People who regale others with tales of their travels are one of my pet peeves. In part, sheer jealousy’s to blame. My budget doesn’t allow for gallivanting around the globe, and folks who brag about their various excursions strike me as insensitive to those of us in their captive audiences who may have less discretionary income.
Besides, too much travel bores me. As an author and artist, I’m much happier creating new work of my own than engaging in passive appreciation of others’ creations at museums and galleries, and lounging around in bars or on beaches just doesn’t do it for me. And is taking a break from daily routine truly restorative? For me, it wreaks havoc with my natural rhythm, and I often need a day of recuperation before getting back into my normal groove. On the other hand, “artist’s dates,” as Julia Cameron calls them, can help replenish our creative wells.
Nonetheless, this past week I went AWOL from my blog and treated myself to a few days of self-indulgence right here in New York and New England. In part because of looming deadlines, I took four trips in four days – skiing on Monday and Wednesday, New York City on Tuesday and Thursday. I had coupons for free lift tickets I’d picked up at the Warren Miller extreme skiing movie before Christmas, and the one for Windham expired on January 15th, so I drove southwest into the Catskills on Monday, blasting my recently acquired reissues of the Beatles’ Rubber Soul and Revolver all the way down and back.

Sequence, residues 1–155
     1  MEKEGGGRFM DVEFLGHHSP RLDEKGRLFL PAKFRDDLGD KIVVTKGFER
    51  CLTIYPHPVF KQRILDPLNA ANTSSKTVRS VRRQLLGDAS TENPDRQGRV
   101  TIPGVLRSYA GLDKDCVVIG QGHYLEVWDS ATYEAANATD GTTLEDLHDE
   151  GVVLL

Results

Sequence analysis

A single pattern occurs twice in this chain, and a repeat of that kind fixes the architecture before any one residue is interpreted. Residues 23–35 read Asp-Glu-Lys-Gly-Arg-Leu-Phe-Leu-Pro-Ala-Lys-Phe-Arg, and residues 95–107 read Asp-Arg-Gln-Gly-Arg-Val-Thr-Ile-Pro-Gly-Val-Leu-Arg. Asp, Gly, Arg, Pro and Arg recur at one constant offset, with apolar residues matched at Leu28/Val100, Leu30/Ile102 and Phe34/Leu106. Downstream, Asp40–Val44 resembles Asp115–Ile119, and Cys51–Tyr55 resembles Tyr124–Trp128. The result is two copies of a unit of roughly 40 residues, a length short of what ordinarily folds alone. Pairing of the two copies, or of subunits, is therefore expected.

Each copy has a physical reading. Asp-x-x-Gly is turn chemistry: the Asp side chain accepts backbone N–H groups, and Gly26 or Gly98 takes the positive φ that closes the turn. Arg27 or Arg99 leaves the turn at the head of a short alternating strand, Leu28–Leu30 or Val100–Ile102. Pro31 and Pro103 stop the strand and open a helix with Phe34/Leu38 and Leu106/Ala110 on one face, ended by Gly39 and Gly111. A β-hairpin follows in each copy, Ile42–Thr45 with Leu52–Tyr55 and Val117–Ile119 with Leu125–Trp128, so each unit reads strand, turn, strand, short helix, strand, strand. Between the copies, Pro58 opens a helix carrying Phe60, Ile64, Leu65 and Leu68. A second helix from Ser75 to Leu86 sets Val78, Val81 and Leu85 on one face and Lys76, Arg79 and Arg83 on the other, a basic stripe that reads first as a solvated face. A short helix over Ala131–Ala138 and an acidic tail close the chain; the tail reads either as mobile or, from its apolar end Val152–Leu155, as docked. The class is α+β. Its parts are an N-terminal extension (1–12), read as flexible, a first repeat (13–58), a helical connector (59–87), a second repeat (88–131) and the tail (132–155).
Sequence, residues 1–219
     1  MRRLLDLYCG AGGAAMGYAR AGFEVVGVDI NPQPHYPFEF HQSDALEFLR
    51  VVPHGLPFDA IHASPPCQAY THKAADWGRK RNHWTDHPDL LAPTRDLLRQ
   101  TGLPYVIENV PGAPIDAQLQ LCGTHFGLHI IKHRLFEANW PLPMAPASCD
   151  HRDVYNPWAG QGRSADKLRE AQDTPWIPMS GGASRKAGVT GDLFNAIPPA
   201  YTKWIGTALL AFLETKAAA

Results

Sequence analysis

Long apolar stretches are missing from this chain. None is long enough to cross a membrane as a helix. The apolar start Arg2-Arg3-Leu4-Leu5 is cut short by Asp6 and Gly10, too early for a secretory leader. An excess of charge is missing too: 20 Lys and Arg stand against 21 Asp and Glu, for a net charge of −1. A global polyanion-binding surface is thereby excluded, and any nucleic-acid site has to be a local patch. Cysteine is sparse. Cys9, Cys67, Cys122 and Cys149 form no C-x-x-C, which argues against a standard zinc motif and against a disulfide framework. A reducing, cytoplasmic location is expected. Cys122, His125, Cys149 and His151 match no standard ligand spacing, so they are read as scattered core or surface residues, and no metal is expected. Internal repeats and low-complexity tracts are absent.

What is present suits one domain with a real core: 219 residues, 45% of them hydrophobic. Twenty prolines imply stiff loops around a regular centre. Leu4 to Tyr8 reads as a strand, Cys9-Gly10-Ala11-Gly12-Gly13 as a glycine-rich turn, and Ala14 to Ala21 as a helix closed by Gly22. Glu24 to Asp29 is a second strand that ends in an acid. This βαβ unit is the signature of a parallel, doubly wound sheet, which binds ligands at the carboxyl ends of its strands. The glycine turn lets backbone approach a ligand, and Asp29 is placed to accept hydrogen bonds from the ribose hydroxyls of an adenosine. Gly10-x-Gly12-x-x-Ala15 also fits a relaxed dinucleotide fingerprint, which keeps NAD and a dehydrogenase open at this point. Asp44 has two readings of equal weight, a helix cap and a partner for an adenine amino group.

Tuesday I caught the 7am double-decker Megabus to New York City and spent five hours at the Guggenheim, taking in the Kandinsky retrospective the day before it closed. Trudging repeatedly up and down Frank Lloyd Wright’s ramp, I found I’d come through Monday’s exertions on the mountain in surprisingly good shape. Wednesday meant another 7am bus, this one to Stratton Mountain in southern Vermont with the Out of Control Ski Club to take advantage of another freebie. The view from the mountain top was magnificent, and I shared a memorable gondola ride with six men, whom I regaled with my ideas for a short story or perhaps a scene in my next novel featuring a gondola murder. They came up with some pretty good plot twists of their own. Then there was the aging ski instructor in the bar . . . but that’s fodder for another post.
Thursday’s jaunt was triggered by the need to visit my 80-year-old brother in the Bronx, plus my husband’s decision to attend a college reunion party in SoHo, our old Lower Manhattan neighborhood. Since we fled the city in 1979, the area has turned into an overpriced luxury mall with endless designer boutiques and trendy restaurants. But the Broome Street Bar where we had our second and more significant “cute meet” remains essentially unchanged since 1973. Oops, I sense another post coming on . . .
So there, I’ve indulged in exactly what I said I hated – travel bragging. I admit there’s a certain smug satisfaction in writing about my relatively privileged life. No, I can’t afford those cruises that cost thousands, but I’m fortunate to have the wherewithal to indulge myself on occasion. And these excursions – especially the solo trips where I’m accountable to no one – definitely restore my soul and spirit. They’re what Julia Cameron in The Artist’s Way describes as “artist’s dates.” We artists and writers deserve them – they help replenish our wells of creativity, and they need not cost a fortune.
What about you? Have you treated yourself to an “artist’s date” lately? If so, what was it? And if not, why not? I’d love to read your comments here.